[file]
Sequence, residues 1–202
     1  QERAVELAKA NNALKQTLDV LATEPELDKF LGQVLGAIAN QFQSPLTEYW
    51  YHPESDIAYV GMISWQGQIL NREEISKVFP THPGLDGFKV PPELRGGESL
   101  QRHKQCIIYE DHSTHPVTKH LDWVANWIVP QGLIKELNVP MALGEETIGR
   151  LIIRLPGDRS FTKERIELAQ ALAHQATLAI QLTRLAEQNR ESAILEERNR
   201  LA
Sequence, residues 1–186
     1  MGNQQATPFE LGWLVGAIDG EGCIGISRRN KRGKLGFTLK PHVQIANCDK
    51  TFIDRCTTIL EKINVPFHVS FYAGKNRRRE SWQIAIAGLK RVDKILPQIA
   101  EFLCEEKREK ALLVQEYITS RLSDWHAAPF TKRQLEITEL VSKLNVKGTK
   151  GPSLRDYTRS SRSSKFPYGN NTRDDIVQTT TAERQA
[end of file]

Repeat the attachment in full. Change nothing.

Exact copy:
Sequence, residues 1–202
     1  QERAVELAKA NNALKQTLDV LATEPELDKF LGQVLGAIAN QFQSPLTEYW
    51  YHPESDIAYV GMISWQGQIL NREEISKVFP THPGLDGFKV PPELRGGESL
   101  QRHKQCIIYE DHSTHPVTKH LDWVANWIVP QGLIKELNVP MALGEETIGR
   151  LIIRLPGDRS FTKERIELAQ ALAHQATLAI QLTRLAEQNR ESAILEERNR
   201  LA
Sequence, residues 1–186
     1  MGNQQATPFE LGWLVGAIDG EGCIGISRRN KRGKLGFTLK PHVQIANCDK
    51  TFIDRCTTIL EKINVPFHVS FYAGKNRRRE SWQIAIAGLK RVDKILPQIA
   101  EFLCEEKREK ALLVQEYITS RLSDWHAAPF TKRQLEITEL VSKLNVKGTK
   151  GPSLRDYTRS SRSSKFPYGN NTRDDIVQTT TAERQA